US Black college footballers strike – and claim a racist scalp

Graduate student Jonathan Butler announced on November 2 that he was going on a hunger strike.

The Black players on the University of Missouri's football (gridiron) team — a team in the national title hunt just two years ago — went on strike against racism on November 7.

The players demand was simple: they would not play until school president Tim Wolfe resigned over his inability to address a series of racist incidents on campus.

The strike had the potential to cost the Southeastern Conference football program millions of dollars — all because the conditions for Black students on campus have become simply unendurable. On November 9, Wolfe stepped down after months of protest over his administration's handling of racist incidents.

Two days earlier, 30 Black Mizzou football players, some with their arms interlocked, sent out the following message: “The athletes of colour on the University of Missouri football team truly believe 'injustice anywhere is a threat to justice everywhere' We will no longer participate in any football related activities until President Tim Wolfe resigns or is removed due to his negligence toward marginalized students' experiences. WE ARE UNITED!”

One player, who asked not to be named, told me: “We see what's happening here. We felt stupid saying and doing nothing while all this was going on around us. We want to be leaders on this because it affects us too.”

The power of this action cannot be overstated. These football players forced people to educate themselves about a campus environment that has been on fire for months, if not years.

This year activists on campus have protested over the rights of adjunct professors, the cutting of healthcare benefits, the rolling back of reproductive rights for women and a hostile climate for students of colour. And a recent series of ugly racist incidents led the football players to take collective action.

For a team that, two years ago, stood in solidarity with teammate Michael Sam when he told the world he was gay, they again made the lionhearted decision to rise to the moment.

The roots of racism at Mizzou run deep and reach back much farther than the last year. But this wave of struggle was sparked by what has been seen as the absence of response from the administration over the police killing of unarmed African American youth Michael Brown last year in Ferguson, Missouri — just two hours from campus.

Students gathered in great numbers on campus grounds to ask why Black lives didn't seem to matter to the administration. These demands, and a series of incidents of racial harassment of black students, were met with apathy by Wolfe.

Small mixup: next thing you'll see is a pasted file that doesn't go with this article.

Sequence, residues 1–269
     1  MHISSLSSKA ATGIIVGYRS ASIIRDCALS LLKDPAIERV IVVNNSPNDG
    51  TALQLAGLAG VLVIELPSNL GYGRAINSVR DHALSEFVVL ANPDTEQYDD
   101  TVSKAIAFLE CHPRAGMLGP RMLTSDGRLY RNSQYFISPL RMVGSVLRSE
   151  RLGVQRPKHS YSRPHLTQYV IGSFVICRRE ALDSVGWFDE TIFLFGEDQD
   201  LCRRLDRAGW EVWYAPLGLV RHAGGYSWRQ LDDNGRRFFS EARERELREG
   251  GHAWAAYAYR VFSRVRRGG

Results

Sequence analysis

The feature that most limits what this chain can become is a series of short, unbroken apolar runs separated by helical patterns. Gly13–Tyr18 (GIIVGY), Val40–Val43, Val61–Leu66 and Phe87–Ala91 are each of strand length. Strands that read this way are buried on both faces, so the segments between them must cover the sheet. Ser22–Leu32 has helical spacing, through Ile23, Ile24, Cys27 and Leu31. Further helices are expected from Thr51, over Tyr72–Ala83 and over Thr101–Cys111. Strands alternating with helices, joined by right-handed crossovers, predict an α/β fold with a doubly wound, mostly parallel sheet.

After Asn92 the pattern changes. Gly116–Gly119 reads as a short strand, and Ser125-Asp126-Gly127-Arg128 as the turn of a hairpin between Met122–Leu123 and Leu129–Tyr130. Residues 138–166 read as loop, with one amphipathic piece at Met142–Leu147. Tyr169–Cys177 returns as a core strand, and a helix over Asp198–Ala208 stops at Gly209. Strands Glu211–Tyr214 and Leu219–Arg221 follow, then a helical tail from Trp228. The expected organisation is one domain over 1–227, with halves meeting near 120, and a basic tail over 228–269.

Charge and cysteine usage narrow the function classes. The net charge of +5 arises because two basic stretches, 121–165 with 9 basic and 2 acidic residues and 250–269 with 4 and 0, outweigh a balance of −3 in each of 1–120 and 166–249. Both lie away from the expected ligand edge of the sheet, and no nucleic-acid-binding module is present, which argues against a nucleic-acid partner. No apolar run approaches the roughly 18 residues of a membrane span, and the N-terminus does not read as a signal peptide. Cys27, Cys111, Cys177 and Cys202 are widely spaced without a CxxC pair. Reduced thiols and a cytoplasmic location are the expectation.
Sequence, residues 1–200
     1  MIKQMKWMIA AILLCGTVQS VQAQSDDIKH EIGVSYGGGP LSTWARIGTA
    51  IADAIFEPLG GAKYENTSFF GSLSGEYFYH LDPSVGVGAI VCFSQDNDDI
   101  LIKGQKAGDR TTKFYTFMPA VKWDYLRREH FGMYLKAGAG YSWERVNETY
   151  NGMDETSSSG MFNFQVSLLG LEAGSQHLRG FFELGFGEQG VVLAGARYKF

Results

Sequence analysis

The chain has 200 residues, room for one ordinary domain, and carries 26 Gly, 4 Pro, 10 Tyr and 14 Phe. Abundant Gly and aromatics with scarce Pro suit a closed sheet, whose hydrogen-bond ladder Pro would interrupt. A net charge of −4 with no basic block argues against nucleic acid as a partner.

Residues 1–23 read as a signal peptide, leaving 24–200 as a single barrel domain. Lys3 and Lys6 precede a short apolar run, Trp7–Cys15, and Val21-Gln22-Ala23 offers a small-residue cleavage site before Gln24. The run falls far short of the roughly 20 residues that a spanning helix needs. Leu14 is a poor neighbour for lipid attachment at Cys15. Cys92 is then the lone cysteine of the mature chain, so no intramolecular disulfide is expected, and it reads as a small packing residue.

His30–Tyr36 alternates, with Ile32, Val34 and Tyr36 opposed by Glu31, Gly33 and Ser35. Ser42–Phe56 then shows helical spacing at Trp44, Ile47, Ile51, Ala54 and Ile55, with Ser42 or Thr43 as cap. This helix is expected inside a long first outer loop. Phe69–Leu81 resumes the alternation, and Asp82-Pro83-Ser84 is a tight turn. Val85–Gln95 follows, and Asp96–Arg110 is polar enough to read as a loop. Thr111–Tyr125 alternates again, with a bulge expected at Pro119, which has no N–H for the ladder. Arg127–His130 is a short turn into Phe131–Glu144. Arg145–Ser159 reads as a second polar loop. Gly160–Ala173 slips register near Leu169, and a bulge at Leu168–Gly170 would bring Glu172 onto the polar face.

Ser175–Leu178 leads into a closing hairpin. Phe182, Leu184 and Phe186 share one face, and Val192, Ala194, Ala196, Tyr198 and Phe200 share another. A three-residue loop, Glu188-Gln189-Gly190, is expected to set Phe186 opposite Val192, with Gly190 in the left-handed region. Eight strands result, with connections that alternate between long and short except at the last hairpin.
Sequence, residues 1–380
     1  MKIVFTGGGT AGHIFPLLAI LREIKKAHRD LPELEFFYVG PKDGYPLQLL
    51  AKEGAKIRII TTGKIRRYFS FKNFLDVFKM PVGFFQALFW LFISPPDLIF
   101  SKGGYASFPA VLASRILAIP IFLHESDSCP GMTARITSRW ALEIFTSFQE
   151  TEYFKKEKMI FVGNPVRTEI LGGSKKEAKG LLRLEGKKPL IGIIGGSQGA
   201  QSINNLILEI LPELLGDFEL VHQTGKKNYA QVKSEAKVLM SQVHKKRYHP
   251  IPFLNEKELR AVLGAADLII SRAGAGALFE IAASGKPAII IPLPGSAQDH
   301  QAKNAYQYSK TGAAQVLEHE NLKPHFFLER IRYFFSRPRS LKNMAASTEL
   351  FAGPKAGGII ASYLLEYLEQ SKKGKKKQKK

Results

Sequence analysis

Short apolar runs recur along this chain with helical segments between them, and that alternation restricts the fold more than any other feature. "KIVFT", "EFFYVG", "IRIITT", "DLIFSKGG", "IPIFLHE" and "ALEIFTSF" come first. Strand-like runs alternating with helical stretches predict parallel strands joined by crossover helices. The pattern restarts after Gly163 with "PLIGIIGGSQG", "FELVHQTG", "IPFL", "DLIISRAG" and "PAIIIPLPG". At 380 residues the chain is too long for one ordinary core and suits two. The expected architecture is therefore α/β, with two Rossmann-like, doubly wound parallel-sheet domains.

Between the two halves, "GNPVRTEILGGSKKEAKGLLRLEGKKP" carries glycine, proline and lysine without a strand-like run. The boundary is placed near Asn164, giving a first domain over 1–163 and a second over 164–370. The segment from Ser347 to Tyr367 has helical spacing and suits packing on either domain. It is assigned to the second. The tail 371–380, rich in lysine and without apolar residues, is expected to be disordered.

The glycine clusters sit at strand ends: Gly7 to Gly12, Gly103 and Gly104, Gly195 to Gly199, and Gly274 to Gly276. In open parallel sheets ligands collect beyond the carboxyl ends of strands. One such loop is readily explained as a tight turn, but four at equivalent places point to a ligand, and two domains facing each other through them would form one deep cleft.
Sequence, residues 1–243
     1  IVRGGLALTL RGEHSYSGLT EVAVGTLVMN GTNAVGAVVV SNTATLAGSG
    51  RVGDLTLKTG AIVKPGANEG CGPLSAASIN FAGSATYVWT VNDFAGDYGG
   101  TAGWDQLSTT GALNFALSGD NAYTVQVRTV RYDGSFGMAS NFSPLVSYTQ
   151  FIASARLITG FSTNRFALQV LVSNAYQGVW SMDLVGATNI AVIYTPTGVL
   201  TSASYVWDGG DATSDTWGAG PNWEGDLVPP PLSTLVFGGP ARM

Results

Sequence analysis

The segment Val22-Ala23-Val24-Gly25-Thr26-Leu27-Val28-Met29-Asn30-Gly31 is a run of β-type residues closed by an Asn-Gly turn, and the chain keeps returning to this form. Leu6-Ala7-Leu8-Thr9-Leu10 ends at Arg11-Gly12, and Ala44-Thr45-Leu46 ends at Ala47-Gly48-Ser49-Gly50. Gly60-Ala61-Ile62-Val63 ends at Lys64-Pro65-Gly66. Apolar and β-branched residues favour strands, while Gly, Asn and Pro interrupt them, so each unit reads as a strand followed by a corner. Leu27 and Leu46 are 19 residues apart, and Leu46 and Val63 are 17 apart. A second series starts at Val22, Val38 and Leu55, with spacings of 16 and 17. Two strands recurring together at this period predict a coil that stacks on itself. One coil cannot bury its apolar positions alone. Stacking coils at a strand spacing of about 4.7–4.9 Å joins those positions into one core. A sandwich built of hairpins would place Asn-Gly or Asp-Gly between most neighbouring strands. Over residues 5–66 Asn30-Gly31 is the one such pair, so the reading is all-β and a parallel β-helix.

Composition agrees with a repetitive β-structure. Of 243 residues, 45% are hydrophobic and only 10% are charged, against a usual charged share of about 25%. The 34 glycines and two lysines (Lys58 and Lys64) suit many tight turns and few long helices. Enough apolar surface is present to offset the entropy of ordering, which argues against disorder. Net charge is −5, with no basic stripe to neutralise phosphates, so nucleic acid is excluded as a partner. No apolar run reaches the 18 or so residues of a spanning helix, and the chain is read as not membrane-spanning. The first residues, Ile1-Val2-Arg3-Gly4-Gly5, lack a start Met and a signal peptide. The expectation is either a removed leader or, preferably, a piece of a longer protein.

It reached a breaking point on October 24 when a swastika was smeared in faeces on the wall of a dormitory bathroom. In response, graduate student Jonathan Butler announced on November 2 that he was going on a hunger strike to demand Wolfe step down. Football players took up his demand.

The football strike mattered because the Missouri football players — like all big time college football players — hold deep social power. The student body is just 7% Black, yet 58 of the school's 84 scholarship football players are African American.

There is no football team without Black labour. That means there are no million dollar coaching salaries without Black labour. There is not a nucleus of campus social life without Black labour. There isn't the weekly economic boon to Columbia, Missouri, bringing in millions of dollars in revenue to hotels, restaurants, and other assorted businesses without Black labour.

The power brokers of Columbia need these games to be played. Yet if the young Black men and those willing to stand with them — and there are white teammates publicly standing with them — are not happy with the grind of unpaid labour on a campus openly hostile to black students, they can take it all down. They can do it just by putting down their helmets, hanging up their spikes and folding their arms.

Wolfe's resignation shows how university power really works in a country where football coaches are often the highest paid people on campus and universities are like a company town whose primary business is football. The actions of these players is best understood as a rumble of the sleeping giant.

[Abridged from Edge of Sports.]

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